The following articles relevant to starting a farm have been excerpted from the Small Farm Quarterly Magazine, a seasonal publication produced by the Cornell Small Farms Program and published by Countryfolks. To learn more about the Small Farm Quarterly, click here.
Articles On New Farm Start-up
Together with the Video Mentor gallery, the following articles by successful farmers and ag professionals offer a wealth of wisdom learned the hard way. Many of these articles recommend challenging yourself to articulate your goals and resources, and your plans for marketing and financing. You can use the online worksheets built into the tutorials in “Plan Your Farm” to start working through these questions for your farm.
Please note: Most of these articles were first published in the award-winning Small Farm Quarterly. See the Small Farm Quarterly archives for more articles.
- Making it in Farming – by Gerard Monnat, farmer and writer
- Making New Ventures Less Risky – by Molly Ames, formerly of Cornell Cooperative Ext – Jefferson Cty.
- Getting Started in Farming–Make a Marketing Plan – by Steve Richards, formerly NY FarmNet
- PR 101: How to Use PR to Help You, Your Farm, and Your Business, by Michael Seinberg
- Learning and Traveling by “WWOOFing”, by Elizabeth Burrichter
- The Best Tool in the Beginning Small Farmer’s Toolbox: Mentorship, by Melissa Madden
- Four Reasons to Take a Farm Business Class, by Jessie Schmidt
- Loan Opportunities for New Farmers, by Kristie Schmitt
- FarmStart: Continuing the Tradition of Agriculture in the Northeast, by Kristie Schmitt
- One Solution for Farmland Access, by Kevin Egolf
- Connecting Aspiring Farmers with Existing Land: Connecticut Farm Link Program, by Jane Slupeki
- How to Love a Farmland Lease, by Rachel Carter
- New Farms Sprouted through Conservancy Lease Program, by Michael Chameides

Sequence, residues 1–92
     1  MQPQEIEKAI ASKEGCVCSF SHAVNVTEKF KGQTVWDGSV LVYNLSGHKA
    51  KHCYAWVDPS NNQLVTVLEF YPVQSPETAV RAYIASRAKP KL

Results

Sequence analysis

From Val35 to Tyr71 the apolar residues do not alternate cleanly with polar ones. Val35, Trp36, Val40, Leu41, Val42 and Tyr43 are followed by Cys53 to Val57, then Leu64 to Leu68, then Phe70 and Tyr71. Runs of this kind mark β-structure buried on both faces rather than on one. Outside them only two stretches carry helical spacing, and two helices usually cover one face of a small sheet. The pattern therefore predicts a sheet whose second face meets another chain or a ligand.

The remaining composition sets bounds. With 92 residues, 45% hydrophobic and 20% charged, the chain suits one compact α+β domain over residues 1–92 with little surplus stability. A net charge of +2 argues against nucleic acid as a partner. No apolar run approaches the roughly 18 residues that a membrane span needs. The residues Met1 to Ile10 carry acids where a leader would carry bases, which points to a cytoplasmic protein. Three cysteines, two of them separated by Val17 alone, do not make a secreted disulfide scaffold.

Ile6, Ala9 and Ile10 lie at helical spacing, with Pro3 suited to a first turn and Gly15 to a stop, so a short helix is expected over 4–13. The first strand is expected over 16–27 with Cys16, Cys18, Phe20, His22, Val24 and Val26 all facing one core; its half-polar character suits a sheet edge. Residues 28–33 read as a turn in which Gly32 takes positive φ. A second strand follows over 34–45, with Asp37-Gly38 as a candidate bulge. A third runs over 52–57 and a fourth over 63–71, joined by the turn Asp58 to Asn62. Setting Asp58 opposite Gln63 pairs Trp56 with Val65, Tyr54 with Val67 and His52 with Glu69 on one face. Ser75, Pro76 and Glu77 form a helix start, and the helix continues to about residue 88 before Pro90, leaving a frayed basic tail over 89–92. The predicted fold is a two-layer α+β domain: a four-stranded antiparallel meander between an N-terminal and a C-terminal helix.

- Livestock Farming as a Second Career – by Carol McGee, McRey Farm
- Is Poultry Production the Right Enterprise for You? – by Lynn O’Brien, CCE – Allegany Cty.
- Getting Started with Meat Goats (page 1, page 2) – by tatiana Stanton, Cornell Sheep & Goat Program
- Low-Risk Start-up? Think Sheep – by Julie Berry, NY Animal Agriculture Coalition
- Trials and Tribulations of a New Grazier – by Billie Best, Regional Farm and Food Project
- The First-Year Egg Farmer, by Sam Anderson
- Backyard Poultry 101, by Nancy Glazier
- How to Get Started with Sheep, by Ulf Kintzel
- Finger Lakes Dexter Creamery – by Chanda Lindsay, formerly Cornell Cooperative Ext – Cayuga
- Planning a Farmstead Cheese Operation – by Fay Benson, Cornell Small Farms Program and CCE – Cortland Cty.
- Seasonal Dairy Start-up – by Fay Benson, Cornell Small Farms Program and CCE – Cortland Cty.
- Getting Started in Christmas Tree Production (page 1, page 2) – by Elizabeth Lamb, NY IPM Program
- Big Bucks from Small Spaces – by Erica Frenay, Cornell Small Farms Program
- Get Started With Spin Farming, by Linda Borghi
- Vegetable Equipment Considerations for New Farmers: Cultivation, by Sara Runkel and Tianna DuPont
Profiles of New Farmers
- Greasing the Farm Wheels: Tips from a Former First Year Farmer, by Alicia Anderson
- Making it Work: Couple Transforms Fallow Plot into Viable Farm, by Jaclyn Rose Bruntfield
- Doing a Lot with a Little–Starting on Shoestring – by Nancy Glazier and Bill Henning
- Cultivating a Career, by Rachel Fussell
- New Jersey’s Beginning Farmers: The Journeyperson Interviews, by Erica Evans
- Counting Our Blessings, by Emmaline Long and David Popielinski
- The Education of a Beginning Goat Farmer, by Stephanie Fisher
- The Dance of Farming, by June Bartos
- A Long Row and a Good Day, by Max Taylor
- New Farm, Old Farmland, by Michael Chameides
- Working Oxen on the Farm Today, by Jake Czaja
- Maine’s Original Duck Farm, by Gina Simmons and Ryan Wilson
- Second Life Farming, by Mason Donovan
- From Hobby Farm to Farm Business: Laughing Goat Fiber Farm, by Monika Roth
More Articles and Profiles of Successful Farms in NY
Reading stories about those who have successfully done what you’ve been dreaming of is both inspiring and motivating. Visit the Small Farm Quarterly archives to find more food for thought!